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On Venezuela energy, financial and departmental mess: an analysis of the causes

Updated on May 2, 2016

Big inflaction might create public disorder

Water plant "Simon Bolivar" commonly known as Guri Dam


Venezuela food shortages: 'No one can explain why a rich country has no food'

Have you ever asked yourself what is like to live with no cash machine in your city, your fridge turned off 4 hours per day and the public offices supplying their services just 2 days a week?

People are angry against present goverment but it seems like causes do date back to the first years of the current millenium, when big choices have been taken.

If we want to find a person that's responsable for that, Ugo Cavez is the main initiator of the present policy.

For what we do know, symptoms of this real crunch that affects one of the most relevant and emblematic nations of the continent, basically are:

1 hard inflaction, it takes a hundred unit of the local value to buy a cigarette

2 lack of energy, the Guri Dyke rests at minumum levels and it discharges the 70% of the national need

3 lack of food, which is a consequence of the first two insufficiencies as food needs to be cooled, shifted and bought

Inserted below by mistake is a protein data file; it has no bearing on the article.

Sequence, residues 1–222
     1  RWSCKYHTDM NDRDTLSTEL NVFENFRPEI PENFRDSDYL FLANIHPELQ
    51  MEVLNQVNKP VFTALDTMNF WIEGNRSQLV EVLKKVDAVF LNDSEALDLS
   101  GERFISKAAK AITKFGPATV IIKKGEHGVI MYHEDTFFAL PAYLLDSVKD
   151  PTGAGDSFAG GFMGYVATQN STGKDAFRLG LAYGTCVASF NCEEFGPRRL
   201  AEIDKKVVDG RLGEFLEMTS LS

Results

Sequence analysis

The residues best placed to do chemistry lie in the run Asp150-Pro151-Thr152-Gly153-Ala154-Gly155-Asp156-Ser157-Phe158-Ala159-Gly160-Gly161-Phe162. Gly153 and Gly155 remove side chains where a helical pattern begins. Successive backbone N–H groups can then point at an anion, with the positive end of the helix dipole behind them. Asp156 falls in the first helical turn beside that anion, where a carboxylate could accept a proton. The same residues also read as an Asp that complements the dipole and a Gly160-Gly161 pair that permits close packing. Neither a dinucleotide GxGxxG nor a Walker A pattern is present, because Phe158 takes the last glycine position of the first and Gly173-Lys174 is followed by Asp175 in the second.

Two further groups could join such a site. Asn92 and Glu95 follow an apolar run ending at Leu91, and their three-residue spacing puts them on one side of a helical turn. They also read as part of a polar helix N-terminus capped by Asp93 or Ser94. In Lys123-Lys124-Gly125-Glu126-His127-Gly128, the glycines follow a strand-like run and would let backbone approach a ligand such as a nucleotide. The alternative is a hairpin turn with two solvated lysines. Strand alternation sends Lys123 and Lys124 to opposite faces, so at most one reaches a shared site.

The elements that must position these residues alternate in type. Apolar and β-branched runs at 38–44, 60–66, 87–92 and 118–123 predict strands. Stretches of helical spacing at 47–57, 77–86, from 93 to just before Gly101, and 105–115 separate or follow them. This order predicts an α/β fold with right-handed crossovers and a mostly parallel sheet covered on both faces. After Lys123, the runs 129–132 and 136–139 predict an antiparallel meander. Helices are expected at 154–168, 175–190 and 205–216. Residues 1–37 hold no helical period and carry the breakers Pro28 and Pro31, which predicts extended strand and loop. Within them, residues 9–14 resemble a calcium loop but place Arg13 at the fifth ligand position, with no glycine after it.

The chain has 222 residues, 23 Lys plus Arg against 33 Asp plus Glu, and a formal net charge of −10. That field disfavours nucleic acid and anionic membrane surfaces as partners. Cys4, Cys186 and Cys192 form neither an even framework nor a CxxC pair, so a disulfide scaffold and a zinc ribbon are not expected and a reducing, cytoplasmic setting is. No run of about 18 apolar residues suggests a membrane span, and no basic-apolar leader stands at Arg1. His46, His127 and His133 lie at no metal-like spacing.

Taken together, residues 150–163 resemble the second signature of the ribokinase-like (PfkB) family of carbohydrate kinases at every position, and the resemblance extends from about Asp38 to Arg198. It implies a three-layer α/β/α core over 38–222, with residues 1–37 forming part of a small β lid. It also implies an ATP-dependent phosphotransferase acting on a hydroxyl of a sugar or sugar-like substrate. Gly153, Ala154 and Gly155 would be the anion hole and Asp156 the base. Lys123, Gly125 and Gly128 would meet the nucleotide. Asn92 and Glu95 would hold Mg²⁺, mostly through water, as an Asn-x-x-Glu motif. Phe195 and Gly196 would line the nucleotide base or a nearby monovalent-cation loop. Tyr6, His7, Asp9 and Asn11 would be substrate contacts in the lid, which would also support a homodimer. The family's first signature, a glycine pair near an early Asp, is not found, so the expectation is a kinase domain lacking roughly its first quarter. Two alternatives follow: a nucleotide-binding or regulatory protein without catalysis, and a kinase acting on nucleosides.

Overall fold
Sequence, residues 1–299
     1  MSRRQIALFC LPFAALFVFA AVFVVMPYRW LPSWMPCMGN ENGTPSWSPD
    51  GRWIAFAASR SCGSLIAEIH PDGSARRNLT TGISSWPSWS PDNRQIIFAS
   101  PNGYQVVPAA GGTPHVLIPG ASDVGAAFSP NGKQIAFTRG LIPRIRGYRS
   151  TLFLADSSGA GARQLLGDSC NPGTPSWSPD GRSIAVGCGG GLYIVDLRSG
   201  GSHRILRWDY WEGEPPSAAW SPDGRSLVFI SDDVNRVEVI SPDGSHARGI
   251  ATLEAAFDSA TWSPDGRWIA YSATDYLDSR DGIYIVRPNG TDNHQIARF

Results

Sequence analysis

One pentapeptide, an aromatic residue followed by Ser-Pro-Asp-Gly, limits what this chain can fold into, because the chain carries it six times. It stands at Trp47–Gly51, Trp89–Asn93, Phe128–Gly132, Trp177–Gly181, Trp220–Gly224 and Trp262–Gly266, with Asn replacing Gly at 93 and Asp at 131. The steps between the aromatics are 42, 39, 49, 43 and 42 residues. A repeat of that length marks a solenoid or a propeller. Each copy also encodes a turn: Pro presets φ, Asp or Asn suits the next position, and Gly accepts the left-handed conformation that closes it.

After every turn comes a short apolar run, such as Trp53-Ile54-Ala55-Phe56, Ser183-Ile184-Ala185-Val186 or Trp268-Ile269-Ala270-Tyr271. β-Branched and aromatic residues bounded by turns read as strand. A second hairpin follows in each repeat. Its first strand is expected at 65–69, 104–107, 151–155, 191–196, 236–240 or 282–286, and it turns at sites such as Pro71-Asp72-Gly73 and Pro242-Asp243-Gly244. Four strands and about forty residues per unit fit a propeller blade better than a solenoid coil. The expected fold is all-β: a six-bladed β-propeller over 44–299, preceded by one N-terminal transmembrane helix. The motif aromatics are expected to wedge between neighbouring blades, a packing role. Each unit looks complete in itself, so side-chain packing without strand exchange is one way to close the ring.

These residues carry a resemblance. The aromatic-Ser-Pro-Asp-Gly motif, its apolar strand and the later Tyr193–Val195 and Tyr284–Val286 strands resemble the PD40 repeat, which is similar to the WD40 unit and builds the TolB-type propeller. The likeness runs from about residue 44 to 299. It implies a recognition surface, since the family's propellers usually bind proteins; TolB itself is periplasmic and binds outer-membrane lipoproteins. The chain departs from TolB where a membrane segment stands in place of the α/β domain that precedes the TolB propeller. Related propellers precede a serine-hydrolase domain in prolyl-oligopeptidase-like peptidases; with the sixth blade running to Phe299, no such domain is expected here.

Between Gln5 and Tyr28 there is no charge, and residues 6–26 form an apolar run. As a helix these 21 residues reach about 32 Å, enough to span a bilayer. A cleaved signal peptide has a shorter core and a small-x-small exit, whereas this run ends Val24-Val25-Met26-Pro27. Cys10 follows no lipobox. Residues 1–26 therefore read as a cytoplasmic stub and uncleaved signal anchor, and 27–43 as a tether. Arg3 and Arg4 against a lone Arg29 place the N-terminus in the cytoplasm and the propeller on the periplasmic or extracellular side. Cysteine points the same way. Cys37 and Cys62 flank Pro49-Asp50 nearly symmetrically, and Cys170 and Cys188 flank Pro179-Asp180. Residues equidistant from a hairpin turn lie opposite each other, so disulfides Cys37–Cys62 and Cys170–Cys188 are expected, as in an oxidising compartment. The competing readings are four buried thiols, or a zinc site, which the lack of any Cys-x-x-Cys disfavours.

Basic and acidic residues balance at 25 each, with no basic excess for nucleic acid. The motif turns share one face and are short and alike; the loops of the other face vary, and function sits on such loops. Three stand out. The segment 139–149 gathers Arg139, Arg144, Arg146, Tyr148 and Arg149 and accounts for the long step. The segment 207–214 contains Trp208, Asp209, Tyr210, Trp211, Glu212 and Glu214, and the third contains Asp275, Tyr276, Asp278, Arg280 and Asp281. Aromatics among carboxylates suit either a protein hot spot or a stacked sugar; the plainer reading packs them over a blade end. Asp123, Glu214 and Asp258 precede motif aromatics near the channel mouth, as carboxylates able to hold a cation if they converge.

Chavez was elected in 1999 and its policy was mostly based on socializing and equalizing profits from oil industries (Venezuela is a big oil producer and OPEC member).

First element mining Venezuela stability was world financial crisis.

Second was the downfall of oil price. After its stunning decline from over $100 a barrel to below $50 in the spring of 2015 several companies are close to decline and bankruptcy.

And third, El Nino leveled out the national leading power plant.

The energy decline is just the last blow Venezuela has taken, but it can be decisive to its eventual public order crisis.


El Nino, a set of athmospherical and climate phenomena mattering ocean water, has got its economic repercussions on agricolture and fishing. The worst consequences are drought and flood in the developing countries of South America and East Africa, weak economies whose governments may not have the strenght to react on them. According to the National Ocean Athmospheric Adiministration studies, the present cicle of El Nino is the worst the world have faced since El Nino started 45 years ago.


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